Following a heated process of give-and-take, Opec members and non-Opec oil producing countries (Opec+) finally agreed to extend the output cut — of 1.2 million barrels a day — for a further nine months. This came about despite disparities in the positions taken by oil producing countries at the last Opec meeting held in Vienna in early July.
It is a fact that an agreement had already been approved at the preceding G20 Summit in Osaka, Japan, last month, after Saudi Crown Prince Mohammad Bin Salman met Russian President Vladimir Putin. In addition, Alexander Novak, Russia’s Minister of Energy, said: “The agreement between Russia and Saudi Arabia to continue oil cuts shows both countries’ commitment to the stability of the global oil market”.
The Gulf-backed Saudi-Russian coordination has been a crucial factor in identifying trends within the global oil market, including, of course, prices. The speculations ahead of giving the green light for the agreement had forecast a possible price collapse if the agreement was broken, which would result in huge losses and economic difficulties for oil exporting countries.
However, prolonging the agreement means stability for oil producing and consuming countries and maintaining fair prices at between $60-$70 per barrel, which is another stabilising factor for the global economy.
This bilateral cooperation between Saudi Arabia and Russia warded off possible consequences resulting from the almost complete halt to Iran’s oil exports. The mullahs’ government was counting on the failure of US sanctions against Iran and oil prices to exceed $100 a barrel after sanctions were imposed. Saudi Arabia and Russia, thanks to their surplus production capacity, bridged the gap and maintained the stability of markets and prices.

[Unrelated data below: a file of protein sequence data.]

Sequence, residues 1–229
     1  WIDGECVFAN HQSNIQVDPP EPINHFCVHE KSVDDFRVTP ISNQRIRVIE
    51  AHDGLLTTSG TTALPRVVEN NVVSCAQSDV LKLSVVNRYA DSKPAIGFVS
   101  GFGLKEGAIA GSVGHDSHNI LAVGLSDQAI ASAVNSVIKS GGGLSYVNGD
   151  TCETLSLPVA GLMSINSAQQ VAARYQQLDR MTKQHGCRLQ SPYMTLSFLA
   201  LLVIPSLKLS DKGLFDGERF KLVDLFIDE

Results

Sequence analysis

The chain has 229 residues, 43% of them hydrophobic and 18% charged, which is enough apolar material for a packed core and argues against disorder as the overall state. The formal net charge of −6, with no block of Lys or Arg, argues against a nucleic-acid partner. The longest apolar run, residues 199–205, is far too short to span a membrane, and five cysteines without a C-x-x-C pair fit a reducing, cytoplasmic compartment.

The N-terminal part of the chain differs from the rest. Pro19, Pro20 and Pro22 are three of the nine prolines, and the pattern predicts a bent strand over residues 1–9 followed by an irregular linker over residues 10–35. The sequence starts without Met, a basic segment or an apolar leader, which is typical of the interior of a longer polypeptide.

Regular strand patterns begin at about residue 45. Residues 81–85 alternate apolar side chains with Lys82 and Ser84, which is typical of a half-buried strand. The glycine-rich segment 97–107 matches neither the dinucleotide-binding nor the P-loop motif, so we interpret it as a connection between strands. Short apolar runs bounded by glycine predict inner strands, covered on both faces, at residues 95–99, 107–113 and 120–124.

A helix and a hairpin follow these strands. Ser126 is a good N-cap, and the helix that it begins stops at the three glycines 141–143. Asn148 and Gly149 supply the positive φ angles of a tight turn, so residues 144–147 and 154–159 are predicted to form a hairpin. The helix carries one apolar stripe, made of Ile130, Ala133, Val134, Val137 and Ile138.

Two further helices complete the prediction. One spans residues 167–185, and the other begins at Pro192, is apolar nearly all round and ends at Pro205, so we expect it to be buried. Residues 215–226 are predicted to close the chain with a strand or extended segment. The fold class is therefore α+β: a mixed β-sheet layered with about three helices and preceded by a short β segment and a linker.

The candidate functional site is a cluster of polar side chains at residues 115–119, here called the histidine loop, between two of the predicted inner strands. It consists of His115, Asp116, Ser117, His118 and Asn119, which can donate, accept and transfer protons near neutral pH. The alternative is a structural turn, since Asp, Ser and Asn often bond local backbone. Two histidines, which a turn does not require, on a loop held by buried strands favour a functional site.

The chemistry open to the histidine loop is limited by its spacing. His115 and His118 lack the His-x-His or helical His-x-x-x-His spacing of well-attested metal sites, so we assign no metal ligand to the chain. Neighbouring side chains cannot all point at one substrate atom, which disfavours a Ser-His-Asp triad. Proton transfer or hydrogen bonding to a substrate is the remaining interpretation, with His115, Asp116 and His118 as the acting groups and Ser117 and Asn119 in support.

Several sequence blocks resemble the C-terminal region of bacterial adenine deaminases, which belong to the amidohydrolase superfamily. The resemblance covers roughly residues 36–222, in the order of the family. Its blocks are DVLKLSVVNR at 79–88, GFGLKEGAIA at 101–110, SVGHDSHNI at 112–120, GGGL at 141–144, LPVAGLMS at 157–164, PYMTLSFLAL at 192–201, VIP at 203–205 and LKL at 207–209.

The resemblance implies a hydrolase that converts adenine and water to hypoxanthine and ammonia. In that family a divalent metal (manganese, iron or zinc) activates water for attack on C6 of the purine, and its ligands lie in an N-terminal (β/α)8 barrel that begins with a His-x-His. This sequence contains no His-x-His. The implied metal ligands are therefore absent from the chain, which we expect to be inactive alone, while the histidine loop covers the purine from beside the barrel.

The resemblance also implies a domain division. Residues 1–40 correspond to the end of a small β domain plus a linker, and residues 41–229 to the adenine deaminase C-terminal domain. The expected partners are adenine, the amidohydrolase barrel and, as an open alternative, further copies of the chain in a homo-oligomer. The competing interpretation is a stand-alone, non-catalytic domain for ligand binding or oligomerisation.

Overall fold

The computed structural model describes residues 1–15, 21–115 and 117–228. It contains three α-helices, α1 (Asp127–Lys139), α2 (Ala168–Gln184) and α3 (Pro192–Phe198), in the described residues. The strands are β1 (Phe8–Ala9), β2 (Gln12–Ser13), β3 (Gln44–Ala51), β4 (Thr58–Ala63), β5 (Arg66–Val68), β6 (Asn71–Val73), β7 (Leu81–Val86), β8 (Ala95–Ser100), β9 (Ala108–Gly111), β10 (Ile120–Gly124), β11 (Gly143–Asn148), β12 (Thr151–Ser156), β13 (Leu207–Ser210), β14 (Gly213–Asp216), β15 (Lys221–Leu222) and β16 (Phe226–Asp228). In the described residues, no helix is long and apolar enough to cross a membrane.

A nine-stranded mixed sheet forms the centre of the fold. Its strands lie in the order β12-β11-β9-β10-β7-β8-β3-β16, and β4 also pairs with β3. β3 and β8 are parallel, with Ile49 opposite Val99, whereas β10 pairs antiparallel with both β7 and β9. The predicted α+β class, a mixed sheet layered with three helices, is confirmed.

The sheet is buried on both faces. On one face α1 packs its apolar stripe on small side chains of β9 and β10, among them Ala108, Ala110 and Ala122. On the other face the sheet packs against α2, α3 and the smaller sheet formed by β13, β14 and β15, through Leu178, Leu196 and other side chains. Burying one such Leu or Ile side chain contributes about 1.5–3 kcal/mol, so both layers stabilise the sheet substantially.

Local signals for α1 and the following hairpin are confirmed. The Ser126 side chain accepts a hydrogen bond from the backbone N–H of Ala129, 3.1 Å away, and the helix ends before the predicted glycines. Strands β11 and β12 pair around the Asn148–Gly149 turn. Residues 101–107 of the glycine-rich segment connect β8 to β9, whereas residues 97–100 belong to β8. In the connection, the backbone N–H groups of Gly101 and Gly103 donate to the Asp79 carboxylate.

However, after the Saudi-Russian deal came to light even before the G20 summit, oil tankers were attacked near the Fujairah port, in addition to acts of sabotage on Saudi oil pipelines. This was a desperate attempt to spook the markets and raise oil prices to above $100, which would have exerted pressure on the US administration even as it seeks to keep prices at low levels.
It seems that Iran’s understanding of oil market developments is wrong, as is its understanding of geopolitical developments, by which successive mistakes have led to heavy losses for itself. Opec alone no longer determines market trends, and non-Opec producing countries are playing a major role that cannot be ignored and without which oil exporting countries’ interests would be difficult to maintain.
Accordingly, Opec’s meetings are held in coordination with other oil producing countries, and global markets await the outcomes from the meetings of the new bloc — Opec+ — and which includes other major producing countries. In fact, Opec+ plays a vital role in enforcing decisions prepared in meetings between Saudi Arabia and Russia.
Therefore, all attempts by Tehran to raise prices through acts of sabotage will yield to nothing, especially as it has fallen outside of the oil-exporting countries group. In addition, the Saudi-Russian coordination will be able to contain Iranian attempts and preserve the interests of all oil exporting countries in the Opec+ group.
The recent meeting clearly indicates that stability of oil markets and prices is almost guaranteed by the cooperation of Opec+ countries.